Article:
The fight against disinformation is global, and there is still no unified defense mechanism. In Montenegro, when it comes to manipulation, the greatest challenge comes from social networks and media from the region, while the most influential traditional media mostly adhere to an ethical code.
This was announced from the panel "How do the media shape Montenegrin politics?", at the conference "The Role of the Media in the electoral process in Montenegro", organized by the Center for Monitoring and Research (CeMI).
Executive Secretary of the Media Self-Regulation Council, Ranko Vujović, said that Montenegrin media, compared to those from the region, are more subtle and skilled in journalistic techniques, so it is not always easy to recognize manipulation.
"You have media that are close to pro-Serbian or pro-Russian positions, but they will not directly promote Serbia, Russia, or Putin, but they will criticize the opponents of Serbian and pro-Russian politics in Montenegro. This is completely legitimate and within professional standards. So you have different techniques of manipulation, which move within the scope of the profession, in order to achieve your goal," Vujović said.
He explained that everywhere in the world the media have the right to a political orientation and to favor a certain policy, as long as they adhere to professional and ethical standards.
"I wouldn't say it's only a problem here. Montenegrin media are recognizable by which political option they represent, but that isn’t comparable to what’s happening in the region and with the media working in the region, which are visible in Montenegro, or their newspapers are sold here," Vujović said.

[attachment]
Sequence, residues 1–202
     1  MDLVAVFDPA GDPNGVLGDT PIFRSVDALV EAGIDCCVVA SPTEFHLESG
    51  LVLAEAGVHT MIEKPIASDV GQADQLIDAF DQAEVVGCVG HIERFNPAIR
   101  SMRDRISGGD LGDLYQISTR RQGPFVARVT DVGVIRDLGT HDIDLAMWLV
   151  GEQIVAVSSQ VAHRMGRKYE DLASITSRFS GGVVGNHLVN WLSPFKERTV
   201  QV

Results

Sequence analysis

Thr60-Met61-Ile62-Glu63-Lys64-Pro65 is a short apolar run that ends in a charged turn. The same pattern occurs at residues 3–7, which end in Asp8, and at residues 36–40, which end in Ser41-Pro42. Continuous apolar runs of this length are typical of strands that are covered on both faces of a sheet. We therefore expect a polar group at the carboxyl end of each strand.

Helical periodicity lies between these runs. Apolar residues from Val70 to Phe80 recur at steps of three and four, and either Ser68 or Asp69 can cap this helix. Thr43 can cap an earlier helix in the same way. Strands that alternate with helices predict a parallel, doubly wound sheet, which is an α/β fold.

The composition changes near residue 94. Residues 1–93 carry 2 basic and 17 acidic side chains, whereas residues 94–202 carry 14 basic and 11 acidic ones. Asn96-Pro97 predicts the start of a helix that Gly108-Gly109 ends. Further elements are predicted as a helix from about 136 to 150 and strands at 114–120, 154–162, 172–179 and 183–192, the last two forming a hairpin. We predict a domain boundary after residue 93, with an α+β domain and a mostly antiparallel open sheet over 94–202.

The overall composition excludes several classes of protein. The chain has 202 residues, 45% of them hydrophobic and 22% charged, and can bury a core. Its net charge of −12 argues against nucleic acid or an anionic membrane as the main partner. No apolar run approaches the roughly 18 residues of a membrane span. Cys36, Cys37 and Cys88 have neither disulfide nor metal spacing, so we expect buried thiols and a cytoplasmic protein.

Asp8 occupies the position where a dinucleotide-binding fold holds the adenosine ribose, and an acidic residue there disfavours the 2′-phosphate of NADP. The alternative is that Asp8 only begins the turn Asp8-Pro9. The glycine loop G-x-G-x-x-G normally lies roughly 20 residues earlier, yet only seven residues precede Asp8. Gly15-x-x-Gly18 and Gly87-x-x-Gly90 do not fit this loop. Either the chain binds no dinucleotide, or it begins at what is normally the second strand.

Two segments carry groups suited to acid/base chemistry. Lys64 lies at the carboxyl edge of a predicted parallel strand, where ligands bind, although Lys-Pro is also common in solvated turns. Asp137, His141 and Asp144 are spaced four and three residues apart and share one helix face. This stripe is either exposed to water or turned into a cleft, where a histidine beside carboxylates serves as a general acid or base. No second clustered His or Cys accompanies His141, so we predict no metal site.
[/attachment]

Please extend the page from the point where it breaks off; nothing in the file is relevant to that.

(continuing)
He identified social networks and regional media as the main problem in Montenegro when it comes to disinformation.
"Traditional media themselves are not as crucial to the disinformation and manipulation narrative as regional media in Montenegro and social networks. The developed world doesn't have an answer to the manipulation that occurs with disinformation, especially when it comes to elections. So, what can we expect in Montenegro? What mechanisms does it have to counter the onslaught of disinformation?" Vujović questioned.
When it comes to regulations regarding foreign ownership in the media in Montenegro, he noted that a prerequisite for establishing a media outlet in Montenegro is registering a company in our country.
"The Montenegrin company owns the media, not a foreign company owns the media." Montenegrin legislation, when it comes to media ownership, is fully aligned with the European Union Directive on audio-visual media services. It's true, we still haven't implemented the revised Directive from 2018," Vujović said.
The Director-General of the Directorate for Media, Ministry of Culture and Media, Neđeljko Rudović, stated that it isn’t unusual for a media outlet to support a particular ideology, but the problem, as he explained, arises when it uncritically supports a specific political party that represents that ideology and turns into a propaganda mouthpiece for that party.
"We in Montenegro have a very diverse media scene. When it comes to Montenegro, and when we talk about respecting the basic ethical rules from the Code of Journalists and the Law on Media, we have a situation that isn’t so black. Montenegro is a unique case where the most influential media outlets, the ones most trusted, generally adhere to an ethical code. These are not tabloids or various television channels with programs that cater to the lowest societal needs or passions. These are serious traditional media outlets that are the most influential in our country," Rudović stated.